Judge: Rock Hill shooting was drug related

A dispute over drug turf may be the reason for a Wednesday evening shooting in south Rock Hill, according to courtroom discussions Thursday.

Corey D. Perrine, 21, of Myrtle Beach, faces an attempted murder charge for allegedly shooting Glenn Foreman of Rock Hill with a handgun. Foreman, whose age was not available, was walking Wednesday night in the 1000 block of Haile Street, near the intersection of Heckle Boulevard and Crawford Road.

The attempted murder charge could result in a life sentence for Perrine. He also faces charges of possession of a firearm during a crime of violence, carrying a pistol unlawfully and possession with intent to distribute the drug Xanax.

In reading the charges against Perrine at Thursday’s bond hearing, Municipal Court Judge Jane Modla said the shooting was a “dispute over drug turf.”

Denise Younger, 34 of 574 Rich St. in Rock Hill, also was charged in the shooting. Younger was charged with accessory after the fact, which carries a possible life sentence. She allegedly drove the car used in the shooting.

Modla set bond for Younger at $200,000 and denied bond for Perrine.

Blondell Boozer, mother of Foreman, the victim, said her son was shot twice, once in the leg and once in the ankle. She said her son was recovering from surgery Thursday at Carolinas Medical Center in Charlotte.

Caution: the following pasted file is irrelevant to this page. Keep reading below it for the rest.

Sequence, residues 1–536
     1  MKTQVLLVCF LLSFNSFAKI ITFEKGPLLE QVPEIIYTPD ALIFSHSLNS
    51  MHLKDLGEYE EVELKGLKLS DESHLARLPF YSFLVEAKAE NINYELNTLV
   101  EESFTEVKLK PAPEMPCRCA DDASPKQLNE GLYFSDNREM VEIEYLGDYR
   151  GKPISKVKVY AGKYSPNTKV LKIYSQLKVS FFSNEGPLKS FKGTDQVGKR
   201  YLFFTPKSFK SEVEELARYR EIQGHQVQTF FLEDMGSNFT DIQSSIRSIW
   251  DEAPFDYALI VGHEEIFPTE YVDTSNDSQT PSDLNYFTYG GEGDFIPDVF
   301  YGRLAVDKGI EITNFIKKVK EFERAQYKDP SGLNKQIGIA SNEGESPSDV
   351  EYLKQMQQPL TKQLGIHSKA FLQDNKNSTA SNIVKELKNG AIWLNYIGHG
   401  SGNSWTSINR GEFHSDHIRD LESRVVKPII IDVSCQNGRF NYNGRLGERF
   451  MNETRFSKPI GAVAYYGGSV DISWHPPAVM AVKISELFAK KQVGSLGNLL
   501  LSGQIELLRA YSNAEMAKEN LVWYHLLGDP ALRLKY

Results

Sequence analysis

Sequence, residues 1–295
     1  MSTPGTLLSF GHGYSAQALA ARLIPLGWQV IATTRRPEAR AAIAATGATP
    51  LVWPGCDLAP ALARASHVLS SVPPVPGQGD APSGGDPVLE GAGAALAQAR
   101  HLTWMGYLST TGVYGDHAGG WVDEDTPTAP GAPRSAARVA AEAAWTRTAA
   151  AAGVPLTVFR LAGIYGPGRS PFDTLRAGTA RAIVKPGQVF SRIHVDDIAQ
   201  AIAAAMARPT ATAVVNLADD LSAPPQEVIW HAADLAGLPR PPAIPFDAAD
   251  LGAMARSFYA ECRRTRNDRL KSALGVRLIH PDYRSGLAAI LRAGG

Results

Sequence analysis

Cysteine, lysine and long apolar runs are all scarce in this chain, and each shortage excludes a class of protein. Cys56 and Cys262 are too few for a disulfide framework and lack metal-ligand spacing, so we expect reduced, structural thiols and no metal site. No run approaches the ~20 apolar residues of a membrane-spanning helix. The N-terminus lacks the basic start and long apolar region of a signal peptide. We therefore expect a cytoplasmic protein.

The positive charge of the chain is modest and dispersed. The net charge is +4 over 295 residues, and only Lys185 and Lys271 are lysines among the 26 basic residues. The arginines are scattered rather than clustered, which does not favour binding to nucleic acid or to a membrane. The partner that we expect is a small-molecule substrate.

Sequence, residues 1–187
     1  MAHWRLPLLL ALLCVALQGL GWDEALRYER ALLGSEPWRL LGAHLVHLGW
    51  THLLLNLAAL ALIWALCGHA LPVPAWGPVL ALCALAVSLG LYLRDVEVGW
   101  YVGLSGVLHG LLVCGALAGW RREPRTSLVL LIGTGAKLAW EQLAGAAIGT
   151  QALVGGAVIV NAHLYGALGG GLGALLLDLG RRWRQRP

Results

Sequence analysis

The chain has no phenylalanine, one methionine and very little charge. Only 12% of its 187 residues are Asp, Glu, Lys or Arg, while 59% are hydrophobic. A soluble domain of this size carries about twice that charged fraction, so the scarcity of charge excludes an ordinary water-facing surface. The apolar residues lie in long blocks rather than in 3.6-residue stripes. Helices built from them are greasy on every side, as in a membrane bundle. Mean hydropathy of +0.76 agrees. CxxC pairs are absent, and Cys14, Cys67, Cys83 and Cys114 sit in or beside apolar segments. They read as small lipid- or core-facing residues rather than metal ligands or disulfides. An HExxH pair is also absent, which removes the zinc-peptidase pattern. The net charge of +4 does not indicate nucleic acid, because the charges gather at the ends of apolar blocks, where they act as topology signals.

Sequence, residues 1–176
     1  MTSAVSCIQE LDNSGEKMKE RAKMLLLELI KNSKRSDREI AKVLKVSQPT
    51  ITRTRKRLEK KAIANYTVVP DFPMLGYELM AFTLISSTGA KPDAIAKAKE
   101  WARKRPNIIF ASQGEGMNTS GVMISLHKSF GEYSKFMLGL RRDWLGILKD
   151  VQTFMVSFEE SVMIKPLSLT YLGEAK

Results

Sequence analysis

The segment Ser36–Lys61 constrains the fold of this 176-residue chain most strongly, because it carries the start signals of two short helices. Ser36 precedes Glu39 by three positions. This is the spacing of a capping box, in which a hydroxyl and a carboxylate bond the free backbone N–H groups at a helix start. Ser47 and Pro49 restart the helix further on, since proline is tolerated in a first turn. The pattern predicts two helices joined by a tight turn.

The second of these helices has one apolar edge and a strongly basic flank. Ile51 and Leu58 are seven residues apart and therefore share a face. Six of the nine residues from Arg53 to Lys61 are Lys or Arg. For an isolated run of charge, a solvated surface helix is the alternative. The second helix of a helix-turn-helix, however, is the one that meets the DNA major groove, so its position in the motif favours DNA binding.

Boozer denied the shooting was drug related.

According to a Rock Hill Police report, the incident started when Foreman was walking on Haile Street. A car approached Foreman and someone in the car asked if he was carrying a gun.

Foreman, according to the report, took a hand out of his pocket of his sweater before he was shot.

Boozer said the shooter then stood over her son, who pleaded for his life.

Boozer said the shooter then shot her son for the second time.

Boozer spoke briefly at the bond hearing, asking Modla to deny bond for Perrine and Younger.

Modla issued a no-contact order with the victim or his family for Perrine and Younger. She also approved a court-appointed attorney for Younger.

Perrine was convicted of a second-degree felony burglary charge in South Carolina in 2011, according to a check of state criminal records. Because Perrine is a convicted felon, it is illegal for him to possess a firearm.

A search of South Carolina court records showed no criminal history for Younger. However, during courtroom discussions with Modla, Younger said she was previously incarcerated.

A search of South Carolina and Georgia prison records did not confirm Younger’s claim.

Modla said there were outstanding Georgia warrants for Younger for forgery. Younger denied the warrants were for her. After some discussion, Modla said charges against one of Younger’s friends may appear on her record, too.

Modla said the Georgia warrants may affect Younger’s status. “They say you are still wanted,” Modla said.